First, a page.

Legislative Harassment or How Many Times Can They Vote on the Same Policy?

After many twists and turns, the much-debated Geo-Blocking Regulation now comes into force. Does this mean the end of the debate on territories in the Digital Single Market? Of course not. Two years from now, the exception for audiovisual services shall be reviewed (and again every five years after that). This is not the end of the territory debate, perhaps it’s the end of the beginning.

Since the Juncker Commission made the Digital Single Market a priority, the onus has been on taking away geographically tailored offers (yes and roaming and parcel delivery and some other things). Of course, the vision for a Digital Single Market could have been interpreted in many other ways. It could have been tailored offerings or pluralism of content or consumer demands or something else, who knows? Instead, the policy focus was on borders and particularly in content services. The Geo-blocking Regulation is only one of the examples of such attempts. Let’s have a look:

The Portability Regulation comes into force on April 1st (don’t send us jokes about the date please) and will allow users to bring their subscriptions of content services on temporary visits to other member states. And it presupposes territories, it would make no sense in a world without geographical designations.

The Satellite and Cable Directive for television broadcasts was originally put in place to solve the issue of satellite transmissions and cable television networks not always following the same territories as the licenses. But extending it to the internet would mean that it accesses one global territory, which is a quite different idea. Many have pointed out that it would not only undermine the economics of the film, television, sports and other industries, but also take away the opportunity for tailored language offerings and price points adjusted to local purchasing power. Both the EU Parliament and Council have said no this.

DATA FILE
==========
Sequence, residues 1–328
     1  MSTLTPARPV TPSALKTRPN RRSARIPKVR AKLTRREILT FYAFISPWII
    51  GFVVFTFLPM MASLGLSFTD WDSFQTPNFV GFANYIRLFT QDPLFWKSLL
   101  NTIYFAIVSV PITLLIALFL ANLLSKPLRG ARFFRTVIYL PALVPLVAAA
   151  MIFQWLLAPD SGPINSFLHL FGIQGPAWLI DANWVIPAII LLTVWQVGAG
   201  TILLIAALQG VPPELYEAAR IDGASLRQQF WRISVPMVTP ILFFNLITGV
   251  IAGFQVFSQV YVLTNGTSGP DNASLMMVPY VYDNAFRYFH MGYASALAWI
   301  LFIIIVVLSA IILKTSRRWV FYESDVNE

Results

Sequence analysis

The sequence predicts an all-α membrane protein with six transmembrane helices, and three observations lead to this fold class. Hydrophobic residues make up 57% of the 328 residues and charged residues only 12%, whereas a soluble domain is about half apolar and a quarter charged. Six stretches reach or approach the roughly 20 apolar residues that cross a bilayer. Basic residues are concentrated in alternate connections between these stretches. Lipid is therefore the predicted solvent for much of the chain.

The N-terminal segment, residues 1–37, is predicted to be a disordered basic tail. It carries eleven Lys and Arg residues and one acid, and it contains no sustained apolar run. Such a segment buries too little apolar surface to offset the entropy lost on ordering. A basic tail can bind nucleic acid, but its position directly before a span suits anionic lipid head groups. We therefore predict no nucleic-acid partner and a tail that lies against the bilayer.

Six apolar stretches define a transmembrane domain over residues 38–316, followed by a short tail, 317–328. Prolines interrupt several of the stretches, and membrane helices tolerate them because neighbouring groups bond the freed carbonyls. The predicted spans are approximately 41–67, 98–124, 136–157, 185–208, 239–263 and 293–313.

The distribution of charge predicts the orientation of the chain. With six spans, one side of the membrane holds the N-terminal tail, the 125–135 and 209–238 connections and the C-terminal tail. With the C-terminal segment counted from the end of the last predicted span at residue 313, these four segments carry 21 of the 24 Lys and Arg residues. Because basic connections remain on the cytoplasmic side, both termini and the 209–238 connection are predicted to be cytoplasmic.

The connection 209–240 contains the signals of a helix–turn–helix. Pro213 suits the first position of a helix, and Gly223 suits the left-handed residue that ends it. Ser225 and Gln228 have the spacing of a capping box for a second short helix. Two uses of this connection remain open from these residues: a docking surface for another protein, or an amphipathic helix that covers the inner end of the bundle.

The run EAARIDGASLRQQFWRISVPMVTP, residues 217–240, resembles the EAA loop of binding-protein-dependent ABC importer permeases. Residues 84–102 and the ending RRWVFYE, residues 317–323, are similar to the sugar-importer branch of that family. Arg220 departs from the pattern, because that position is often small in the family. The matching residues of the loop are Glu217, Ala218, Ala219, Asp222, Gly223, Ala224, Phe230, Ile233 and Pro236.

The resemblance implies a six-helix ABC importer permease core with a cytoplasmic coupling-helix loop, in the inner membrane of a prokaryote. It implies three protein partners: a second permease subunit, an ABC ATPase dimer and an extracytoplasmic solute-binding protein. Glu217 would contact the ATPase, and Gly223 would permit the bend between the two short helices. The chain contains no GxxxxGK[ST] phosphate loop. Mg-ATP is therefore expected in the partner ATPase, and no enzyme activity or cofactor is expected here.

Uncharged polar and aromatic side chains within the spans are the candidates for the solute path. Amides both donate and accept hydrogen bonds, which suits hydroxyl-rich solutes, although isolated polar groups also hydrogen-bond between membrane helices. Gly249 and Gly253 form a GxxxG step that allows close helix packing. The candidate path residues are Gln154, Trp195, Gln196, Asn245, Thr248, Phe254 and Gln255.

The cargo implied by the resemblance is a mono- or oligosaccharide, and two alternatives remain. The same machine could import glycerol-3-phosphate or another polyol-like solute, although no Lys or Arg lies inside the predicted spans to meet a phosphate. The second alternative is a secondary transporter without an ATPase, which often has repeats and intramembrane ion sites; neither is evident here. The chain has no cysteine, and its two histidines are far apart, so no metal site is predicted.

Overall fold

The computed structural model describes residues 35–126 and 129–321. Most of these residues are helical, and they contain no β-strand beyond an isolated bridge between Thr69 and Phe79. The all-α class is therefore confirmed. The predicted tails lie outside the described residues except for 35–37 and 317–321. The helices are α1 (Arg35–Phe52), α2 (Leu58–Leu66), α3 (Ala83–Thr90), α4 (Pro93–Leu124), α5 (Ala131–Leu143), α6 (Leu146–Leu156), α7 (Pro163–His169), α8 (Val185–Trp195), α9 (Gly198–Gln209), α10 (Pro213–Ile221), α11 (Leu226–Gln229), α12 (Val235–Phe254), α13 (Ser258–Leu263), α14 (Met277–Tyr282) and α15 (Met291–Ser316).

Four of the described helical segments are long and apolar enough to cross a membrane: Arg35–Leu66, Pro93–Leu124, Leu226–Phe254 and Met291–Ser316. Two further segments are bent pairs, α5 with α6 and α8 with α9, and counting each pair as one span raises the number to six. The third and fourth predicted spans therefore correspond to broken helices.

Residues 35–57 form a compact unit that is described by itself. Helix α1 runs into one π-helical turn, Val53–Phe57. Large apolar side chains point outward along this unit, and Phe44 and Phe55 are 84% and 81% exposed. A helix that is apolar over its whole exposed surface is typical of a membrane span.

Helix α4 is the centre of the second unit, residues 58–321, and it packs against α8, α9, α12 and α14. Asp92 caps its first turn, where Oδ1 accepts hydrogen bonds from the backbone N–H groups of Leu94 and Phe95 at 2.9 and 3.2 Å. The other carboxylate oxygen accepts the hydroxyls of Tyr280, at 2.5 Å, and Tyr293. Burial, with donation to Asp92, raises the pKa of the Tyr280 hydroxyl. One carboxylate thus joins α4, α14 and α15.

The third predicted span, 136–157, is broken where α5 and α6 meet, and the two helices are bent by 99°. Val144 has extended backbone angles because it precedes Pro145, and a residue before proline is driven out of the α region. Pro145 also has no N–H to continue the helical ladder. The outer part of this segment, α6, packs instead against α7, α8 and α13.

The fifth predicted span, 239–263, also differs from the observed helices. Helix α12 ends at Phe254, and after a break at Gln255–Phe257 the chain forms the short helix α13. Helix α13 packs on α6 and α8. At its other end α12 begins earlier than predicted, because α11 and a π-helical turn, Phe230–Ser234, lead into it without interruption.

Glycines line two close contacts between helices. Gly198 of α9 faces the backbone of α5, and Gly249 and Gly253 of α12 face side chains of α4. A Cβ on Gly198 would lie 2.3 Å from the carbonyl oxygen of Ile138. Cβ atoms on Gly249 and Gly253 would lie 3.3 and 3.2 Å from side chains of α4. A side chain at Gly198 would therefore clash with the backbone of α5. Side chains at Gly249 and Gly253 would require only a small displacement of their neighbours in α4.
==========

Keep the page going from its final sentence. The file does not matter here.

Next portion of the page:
Three attempts, each time the outcome is that freedom of contract including territorial licensing stands. Fair enough, good news for creators, businesses and viewers. But how many times should the policy-makers decide on the same issue? Where does the predictability of the legal situation for the affected end and where does legislative harassment begin? What about the ambition of “better regulation”? And looking at the issue again in two, seven and twelve years?

Some want to make the case that Europe is lagging in the digital economy because there are restrictions holding innovation back. But what if Europe’s digital opportunity is not in innovation but creativity? Recently, we have seen a lot of the bad sides of disruptive innovation (looking at you, Cambridge Analytica!). It may be a dead end, trying to design a digital single market in the same way as made the US tech companies successful. Besides, they have plenty of venture capital over there and last time I looked, territorial licensing is allowed in the American market.

Instead, how about we look for a vision that plays to Europe’s strengths? Cultural diversity, quality of content, respect for rights: areas where Europe shines. That could be a different vision for a digital single market. That could also be the starting point for a better vision of the internet. In fact, it might be saving the internet rather than breaking it.

This was Netopia’s Newsletter March 23rd 2018